emitted during these violations.

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77. These unauthorized discharges result from AWAs failure to prevent malfunctions

and other improper functioning of various equipment, including but not limited to the calciners.

78. EPA policy states that, all periods of excess emissions arising during startup and

shutdown must be treated as violations. EPA, Memorandum on Policy Regarding Excess

Emissions During Malfunctions, Startup, and Shutdown, 2 (Sept. 20, 1999).

79. Unauthorized discharges are presumed to be preventable because the owner or

operator of a facility has the burden of proof to demonstrate that the criteria identified in [30

T.A.C.] 101.222(d) of this title for excess opacity events, or in [30 T.A.C.] 101.222(e) of this

title for excess opacity events resulting from scheduled maintenance, startup, or shutdown

activities are satisfied for each excess opacity event.

80. Therefore, these excess emissions caused by frequent preventable scheduled

maintenance, startup, or shutdown activities are violations.

81. AWA should be able to foresee and prevent many of its unauthorized discharges.

B. COUNT 2: VIOLATIONS OF THE TEXAS CLEAN AIR ACT

82. Under the Texas Clean Air Act, Texas has determined to safeguard the states air

resources from pollution by controlling or abating air pollution and emissions of air

contaminants, consistent with the protection of public health, general welfare, and physical

property, including the esthetic enjoyment of air resources by the public and the maintenance of

adequate visibility. TEX. HEALTH & SAFETY CODE 382.002(a).

83. Under Texas law, an air contaminant means particulate matter radioactive

material, dust, fumes, gas, mist, smoke, vapor, or odor, including any combination of those

items, produced by processes other than natural. TEX. HEALTH & SAFETY CODE 382.003(2)

(emphasis added).

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84. Under Texas law, air pollution means the presence in the atmosphere of one or

more air contaminants or combination of air contaminants in such concentration and of such

duration that: (A) are or may tend to be injurious to or to adversely affect human health or

welfare, animal life, vegetation, or property; or (B) interfere with the normal use or enjoyment of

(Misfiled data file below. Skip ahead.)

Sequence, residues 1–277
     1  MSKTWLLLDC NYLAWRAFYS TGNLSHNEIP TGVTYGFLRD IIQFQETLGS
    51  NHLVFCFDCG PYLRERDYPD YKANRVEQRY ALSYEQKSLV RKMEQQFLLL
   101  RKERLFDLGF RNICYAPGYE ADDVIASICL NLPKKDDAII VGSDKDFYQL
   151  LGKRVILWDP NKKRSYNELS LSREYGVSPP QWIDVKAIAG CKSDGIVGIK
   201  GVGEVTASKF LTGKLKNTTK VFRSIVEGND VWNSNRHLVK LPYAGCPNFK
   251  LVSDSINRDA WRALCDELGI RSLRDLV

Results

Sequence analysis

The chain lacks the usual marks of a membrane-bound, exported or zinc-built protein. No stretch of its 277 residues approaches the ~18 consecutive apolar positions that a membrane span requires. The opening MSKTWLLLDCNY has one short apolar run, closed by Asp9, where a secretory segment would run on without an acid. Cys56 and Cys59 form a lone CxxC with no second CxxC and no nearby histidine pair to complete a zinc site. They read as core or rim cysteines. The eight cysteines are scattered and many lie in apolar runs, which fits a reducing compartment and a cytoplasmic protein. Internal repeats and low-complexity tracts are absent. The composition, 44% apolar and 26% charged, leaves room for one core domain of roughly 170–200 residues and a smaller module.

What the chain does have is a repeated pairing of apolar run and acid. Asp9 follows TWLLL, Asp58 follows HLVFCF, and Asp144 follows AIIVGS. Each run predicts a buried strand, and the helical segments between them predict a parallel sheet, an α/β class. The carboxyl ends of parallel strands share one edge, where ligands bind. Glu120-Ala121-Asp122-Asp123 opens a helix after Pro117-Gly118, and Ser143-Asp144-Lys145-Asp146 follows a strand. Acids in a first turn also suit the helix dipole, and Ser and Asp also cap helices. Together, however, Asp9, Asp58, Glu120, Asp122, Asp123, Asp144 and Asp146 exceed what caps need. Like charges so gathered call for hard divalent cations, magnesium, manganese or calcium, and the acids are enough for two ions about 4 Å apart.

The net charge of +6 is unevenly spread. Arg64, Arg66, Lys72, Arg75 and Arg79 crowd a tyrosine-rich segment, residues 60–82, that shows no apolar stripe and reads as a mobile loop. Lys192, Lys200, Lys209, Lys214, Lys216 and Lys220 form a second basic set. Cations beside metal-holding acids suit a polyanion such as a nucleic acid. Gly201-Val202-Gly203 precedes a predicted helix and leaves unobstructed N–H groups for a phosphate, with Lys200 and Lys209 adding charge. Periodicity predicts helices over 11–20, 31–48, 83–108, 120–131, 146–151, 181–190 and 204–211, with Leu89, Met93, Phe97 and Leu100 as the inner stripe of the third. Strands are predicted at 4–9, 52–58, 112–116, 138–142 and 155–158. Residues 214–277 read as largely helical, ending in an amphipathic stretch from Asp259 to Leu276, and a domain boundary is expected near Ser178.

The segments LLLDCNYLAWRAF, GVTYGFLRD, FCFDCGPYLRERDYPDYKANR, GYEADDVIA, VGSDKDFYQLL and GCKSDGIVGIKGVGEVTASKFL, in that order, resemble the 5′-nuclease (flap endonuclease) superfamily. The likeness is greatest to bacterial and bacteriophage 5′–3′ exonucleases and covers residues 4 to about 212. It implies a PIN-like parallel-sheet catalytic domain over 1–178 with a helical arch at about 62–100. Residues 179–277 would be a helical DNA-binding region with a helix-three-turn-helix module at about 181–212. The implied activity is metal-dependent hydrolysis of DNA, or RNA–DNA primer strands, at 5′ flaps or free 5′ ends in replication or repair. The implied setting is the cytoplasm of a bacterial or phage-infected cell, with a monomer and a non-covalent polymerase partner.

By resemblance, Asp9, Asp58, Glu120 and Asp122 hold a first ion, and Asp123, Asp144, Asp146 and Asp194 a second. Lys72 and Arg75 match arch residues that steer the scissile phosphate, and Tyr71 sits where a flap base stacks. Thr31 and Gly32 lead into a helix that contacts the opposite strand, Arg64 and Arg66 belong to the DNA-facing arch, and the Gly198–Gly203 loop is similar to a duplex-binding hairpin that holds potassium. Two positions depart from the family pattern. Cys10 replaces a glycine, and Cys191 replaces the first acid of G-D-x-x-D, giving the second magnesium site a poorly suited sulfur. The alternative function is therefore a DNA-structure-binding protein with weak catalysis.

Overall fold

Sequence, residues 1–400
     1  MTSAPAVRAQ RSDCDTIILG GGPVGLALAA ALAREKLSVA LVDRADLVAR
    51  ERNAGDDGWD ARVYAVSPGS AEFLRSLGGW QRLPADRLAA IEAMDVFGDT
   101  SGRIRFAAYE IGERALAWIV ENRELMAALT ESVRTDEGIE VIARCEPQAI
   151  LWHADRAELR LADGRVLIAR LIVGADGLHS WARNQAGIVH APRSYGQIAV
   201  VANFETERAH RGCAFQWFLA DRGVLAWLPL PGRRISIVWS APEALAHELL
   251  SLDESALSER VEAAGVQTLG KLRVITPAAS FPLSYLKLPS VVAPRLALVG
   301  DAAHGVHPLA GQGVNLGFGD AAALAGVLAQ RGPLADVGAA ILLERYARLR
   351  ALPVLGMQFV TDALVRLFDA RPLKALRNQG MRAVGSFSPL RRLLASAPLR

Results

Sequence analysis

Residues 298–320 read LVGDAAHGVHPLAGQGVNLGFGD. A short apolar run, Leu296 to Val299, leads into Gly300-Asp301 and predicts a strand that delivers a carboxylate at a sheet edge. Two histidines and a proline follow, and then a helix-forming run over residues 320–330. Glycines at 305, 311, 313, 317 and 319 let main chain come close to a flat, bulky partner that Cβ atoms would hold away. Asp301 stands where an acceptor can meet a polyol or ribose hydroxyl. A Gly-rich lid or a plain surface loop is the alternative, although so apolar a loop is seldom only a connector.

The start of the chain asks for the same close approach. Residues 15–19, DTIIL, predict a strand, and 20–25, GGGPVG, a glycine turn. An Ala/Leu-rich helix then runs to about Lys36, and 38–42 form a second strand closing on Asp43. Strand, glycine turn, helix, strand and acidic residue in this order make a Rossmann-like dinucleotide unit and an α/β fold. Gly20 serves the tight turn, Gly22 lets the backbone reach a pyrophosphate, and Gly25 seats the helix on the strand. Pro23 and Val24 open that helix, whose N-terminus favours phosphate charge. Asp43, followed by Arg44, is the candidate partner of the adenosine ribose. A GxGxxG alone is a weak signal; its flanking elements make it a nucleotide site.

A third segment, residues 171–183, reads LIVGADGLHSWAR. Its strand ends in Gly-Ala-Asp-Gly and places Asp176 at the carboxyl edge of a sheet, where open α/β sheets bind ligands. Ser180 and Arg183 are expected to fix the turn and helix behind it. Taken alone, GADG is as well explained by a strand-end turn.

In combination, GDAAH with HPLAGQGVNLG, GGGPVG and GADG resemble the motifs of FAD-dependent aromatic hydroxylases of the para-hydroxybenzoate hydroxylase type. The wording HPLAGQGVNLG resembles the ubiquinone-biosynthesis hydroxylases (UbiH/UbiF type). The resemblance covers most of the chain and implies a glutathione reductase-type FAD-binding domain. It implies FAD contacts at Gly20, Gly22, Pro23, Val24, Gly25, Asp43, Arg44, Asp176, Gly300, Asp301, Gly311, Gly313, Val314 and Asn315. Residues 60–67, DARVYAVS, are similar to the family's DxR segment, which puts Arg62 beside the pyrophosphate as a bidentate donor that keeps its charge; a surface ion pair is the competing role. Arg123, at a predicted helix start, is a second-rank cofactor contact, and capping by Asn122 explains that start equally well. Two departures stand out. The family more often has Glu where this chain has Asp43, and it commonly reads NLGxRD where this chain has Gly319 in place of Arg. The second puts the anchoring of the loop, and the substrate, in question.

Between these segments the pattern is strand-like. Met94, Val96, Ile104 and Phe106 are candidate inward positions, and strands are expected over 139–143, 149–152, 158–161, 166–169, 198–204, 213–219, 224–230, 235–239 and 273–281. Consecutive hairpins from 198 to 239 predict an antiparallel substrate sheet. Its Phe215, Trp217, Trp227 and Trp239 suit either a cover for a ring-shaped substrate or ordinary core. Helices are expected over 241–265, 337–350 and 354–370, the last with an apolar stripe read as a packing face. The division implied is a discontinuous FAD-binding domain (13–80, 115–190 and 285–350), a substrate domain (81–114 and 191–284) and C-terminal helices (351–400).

animal life, vegetation, or property. TEX. HEALTH & SAFETY CODE 382.003(3).

85. Unauthorized emissions of any air contaminant or the performance of any

activity that causes or contributes to, or will cause or contribute to, air pollution are prohibited

under Texas law. TEX. HEALTH & SAFETY CODE 382.085(a).

i. AWAS Violations During Upset Events

86. AWA has and continues to violate its permit emissions limits for particulate

matter.

87. As stated above, for example, between March 8, 2003 and February 21, 2006,

permitted opacity levels were exceeded on a total of at least 98 occasions.

88. AWA reported an estimated total of at least 2064.59 lbs of alumina dust were

emitted during these violations.

89. These unauthorized discharges or upset events result from AWA's failure to

prevent malfunctions and other improper functioning of various equipment, including but not

limited to the calciners.

90. An upset event is an unplanned or unanticipated occurrence or excursion of a

process or operation that results in unauthorized emissions of any air contaminant except

carbon dioxide, water, nitrogen, methane, ethane, noble gases, hydrogen, and oxygen, which

exceeds any air emission limitation in a permit, rule, or order of the commission or as authorized

by Texas Clean Air Act, 382.0518(g). 30 T.A.C. 101.1(104), (105).

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91. Unauthorized discharges are presumed to be preventable because the owner or

operator of a facility has the burden of proof to demonstrate that the criteria identified in [30

T.A.C.] 101.222(d) of this title for excess opacity events, or in [30 T.A.C.] 101.222(e) of this

title for excess opacity events resulting from scheduled maintenance, startup, or shutdown

activities are satisfied for each excess opacity event.

92. Many emissions in the incident reports are caused by improperly designed

equipment lack of preventative maintenance, careless or improper operation, or operator error.

93. Therefore, these excess emissions caused by frequent unpreventable

malfunctions at the AWA plant do not qualify as upsets.